Table of Contents Summary
One of the basic functions of IP is its ability to form connections between different physical networks. This is due to the flexibility of IP to use almost any physical network below it, and to the IP routing algorithm. A system which does this is termed a router, although the older term IP gateway is also used.
Note: In other sections of the book, we show the position of each protocol in the layered model of the TCP/IP protocol stack. The routing function is part of the internetwork layer, but the primary function of a routing protocol is to exchange routing information with other routers, and in this respect the protocols behave more like application protocols. The routing protocols described here use all three approaches to data transport: using UDP (for example RIP, described in Routing Information Protocol (RIP)), TCP (see BGP in Border Gateway Protocol (BGP)) and providing its own transport layer on top of IP (see OSPF in Open Shortest Path First Protocol (OSPF) Version 2). Therefore, we shall not attempt to represent the position of these protocols in the protocol stack with a diagram as we do with the other protocols.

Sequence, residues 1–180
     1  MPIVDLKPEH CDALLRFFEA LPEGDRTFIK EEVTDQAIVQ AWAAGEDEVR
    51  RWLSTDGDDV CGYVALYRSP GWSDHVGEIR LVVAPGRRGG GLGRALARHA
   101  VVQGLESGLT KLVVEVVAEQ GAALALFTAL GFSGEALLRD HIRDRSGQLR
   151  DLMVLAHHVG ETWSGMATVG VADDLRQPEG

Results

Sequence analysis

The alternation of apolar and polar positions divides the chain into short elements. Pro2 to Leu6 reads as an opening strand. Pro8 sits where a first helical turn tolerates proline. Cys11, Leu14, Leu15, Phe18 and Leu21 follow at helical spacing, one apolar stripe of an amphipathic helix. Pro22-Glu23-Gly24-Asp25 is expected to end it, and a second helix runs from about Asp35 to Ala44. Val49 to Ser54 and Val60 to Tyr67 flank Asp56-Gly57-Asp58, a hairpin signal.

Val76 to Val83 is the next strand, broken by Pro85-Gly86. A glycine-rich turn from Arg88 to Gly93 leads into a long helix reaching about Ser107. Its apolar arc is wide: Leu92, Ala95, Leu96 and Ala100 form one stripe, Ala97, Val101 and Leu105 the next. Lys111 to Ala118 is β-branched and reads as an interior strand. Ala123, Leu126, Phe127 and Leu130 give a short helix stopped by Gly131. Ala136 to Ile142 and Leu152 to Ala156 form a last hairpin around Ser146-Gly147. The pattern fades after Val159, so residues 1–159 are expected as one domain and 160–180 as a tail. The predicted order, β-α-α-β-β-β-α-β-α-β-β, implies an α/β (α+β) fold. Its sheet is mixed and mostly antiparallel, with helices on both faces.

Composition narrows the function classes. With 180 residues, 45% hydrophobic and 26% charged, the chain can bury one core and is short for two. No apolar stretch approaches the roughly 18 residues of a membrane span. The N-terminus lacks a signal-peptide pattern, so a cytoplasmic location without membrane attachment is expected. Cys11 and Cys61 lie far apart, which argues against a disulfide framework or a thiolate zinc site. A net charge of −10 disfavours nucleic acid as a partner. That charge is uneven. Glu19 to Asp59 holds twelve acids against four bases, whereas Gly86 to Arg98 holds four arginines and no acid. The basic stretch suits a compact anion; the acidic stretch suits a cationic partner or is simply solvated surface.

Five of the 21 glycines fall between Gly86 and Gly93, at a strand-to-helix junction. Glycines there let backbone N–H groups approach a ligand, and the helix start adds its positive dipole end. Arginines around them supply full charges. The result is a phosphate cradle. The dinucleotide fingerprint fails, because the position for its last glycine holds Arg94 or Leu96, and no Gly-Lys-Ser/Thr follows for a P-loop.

Table of Contents Basic